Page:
Chapter 23. State Management in ASP.NET


ASP.NET Developer's JumpStart
By Paul D. Sheriff, Ken Getz
Table of Contents
Part III.  Web Development Techniques


  • Learn what state is and how you use it

  • Learn different methods of state management

  • Learn the advantages and disadvantages of each method

Web pages are, by definition, stateless. This means that as you move from page to page, the data from each page is automatically discarded. Because you might need data from one of these previous pages, you need to store that data (or state) as you move from one page to another. There are many techniques you can use to maintain state. Programmers today use Session variables, XML files, databases, and many other proprietary solutions.

State management capabilities are very primitive in ASP when compared to ASP.NET. In ASP, the Session object can only run in-process with the IIS server and does not have any Web farm capabilities. If you want to use a Web farm with ASP, you are forced to create some sort of COM component to store the state into a SQL Server database. You are able to use hidden input fields, but you don't get the automatic state management provided by the ViewState object, and you have to manage it all manually. Also, there are no built-in StateBag objects, so any state you need to keep while on a page has to be managed in hidden input fields, and you have to handle the encryption yourself.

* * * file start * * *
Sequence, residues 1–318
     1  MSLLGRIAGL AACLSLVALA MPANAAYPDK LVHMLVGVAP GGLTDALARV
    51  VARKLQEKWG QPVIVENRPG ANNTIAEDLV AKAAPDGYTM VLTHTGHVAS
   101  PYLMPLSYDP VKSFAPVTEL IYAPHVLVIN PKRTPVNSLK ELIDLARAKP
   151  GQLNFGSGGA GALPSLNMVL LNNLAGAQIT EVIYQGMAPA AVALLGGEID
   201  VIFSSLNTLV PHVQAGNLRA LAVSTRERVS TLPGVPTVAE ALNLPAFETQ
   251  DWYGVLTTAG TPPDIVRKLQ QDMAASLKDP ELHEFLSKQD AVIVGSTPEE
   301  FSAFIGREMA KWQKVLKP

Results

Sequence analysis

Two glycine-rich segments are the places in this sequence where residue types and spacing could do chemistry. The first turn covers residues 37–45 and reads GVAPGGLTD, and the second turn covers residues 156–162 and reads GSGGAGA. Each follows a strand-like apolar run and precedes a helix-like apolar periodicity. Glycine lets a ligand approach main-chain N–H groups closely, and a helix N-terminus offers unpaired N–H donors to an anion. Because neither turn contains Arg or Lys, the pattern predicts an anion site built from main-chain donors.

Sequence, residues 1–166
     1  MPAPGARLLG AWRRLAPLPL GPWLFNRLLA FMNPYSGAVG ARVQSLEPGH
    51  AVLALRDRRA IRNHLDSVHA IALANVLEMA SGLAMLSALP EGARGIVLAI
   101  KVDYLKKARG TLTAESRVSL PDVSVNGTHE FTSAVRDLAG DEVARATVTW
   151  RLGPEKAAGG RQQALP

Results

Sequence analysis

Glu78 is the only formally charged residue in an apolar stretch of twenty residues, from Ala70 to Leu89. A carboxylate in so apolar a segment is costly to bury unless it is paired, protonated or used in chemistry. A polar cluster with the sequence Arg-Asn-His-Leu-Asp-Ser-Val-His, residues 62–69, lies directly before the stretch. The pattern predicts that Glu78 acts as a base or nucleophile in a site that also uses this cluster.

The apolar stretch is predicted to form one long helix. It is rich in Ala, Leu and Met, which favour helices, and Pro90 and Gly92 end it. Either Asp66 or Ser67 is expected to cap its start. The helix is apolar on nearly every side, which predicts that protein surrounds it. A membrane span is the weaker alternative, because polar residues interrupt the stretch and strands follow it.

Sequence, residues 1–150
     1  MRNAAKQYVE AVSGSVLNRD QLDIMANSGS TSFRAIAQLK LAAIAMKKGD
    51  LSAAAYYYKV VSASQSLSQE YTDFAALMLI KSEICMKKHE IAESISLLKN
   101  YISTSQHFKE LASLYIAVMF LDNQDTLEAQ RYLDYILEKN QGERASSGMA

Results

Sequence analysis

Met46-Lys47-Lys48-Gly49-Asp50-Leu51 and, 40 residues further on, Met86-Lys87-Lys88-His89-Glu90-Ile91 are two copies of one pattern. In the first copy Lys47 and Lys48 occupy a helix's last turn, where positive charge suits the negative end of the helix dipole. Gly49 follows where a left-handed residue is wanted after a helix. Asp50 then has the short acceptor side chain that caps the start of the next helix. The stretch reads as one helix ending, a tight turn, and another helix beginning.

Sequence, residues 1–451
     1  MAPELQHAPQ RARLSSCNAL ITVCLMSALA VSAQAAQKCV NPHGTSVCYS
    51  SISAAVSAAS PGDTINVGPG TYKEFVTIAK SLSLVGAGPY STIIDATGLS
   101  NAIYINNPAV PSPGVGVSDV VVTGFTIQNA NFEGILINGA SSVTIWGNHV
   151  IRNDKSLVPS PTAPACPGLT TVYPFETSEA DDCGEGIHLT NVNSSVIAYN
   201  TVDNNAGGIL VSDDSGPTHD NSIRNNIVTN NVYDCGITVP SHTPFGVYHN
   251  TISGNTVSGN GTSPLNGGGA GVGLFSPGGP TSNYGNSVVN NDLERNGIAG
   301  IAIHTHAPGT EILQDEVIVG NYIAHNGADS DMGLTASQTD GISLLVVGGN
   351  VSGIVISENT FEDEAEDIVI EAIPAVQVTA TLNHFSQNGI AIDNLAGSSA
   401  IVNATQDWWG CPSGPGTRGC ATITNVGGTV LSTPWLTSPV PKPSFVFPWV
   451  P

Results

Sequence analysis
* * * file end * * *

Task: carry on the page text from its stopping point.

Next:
In this chapter, you will learn how to use the various state-management techniques in your .NET Web applications. You will see how to use the Session object, StateBag objects, and the .NET Framework to manage state across a Web farm. You will also learn the advantages and disadvantages of each of these techniques.


    ASP. NET Developer's JumpStart
    ASP.NET Developers JumpStart
    ISBN: 0672323575
    EAN: 2147483647
    Year: 2002
    Pages: 234 © 2008-2017.
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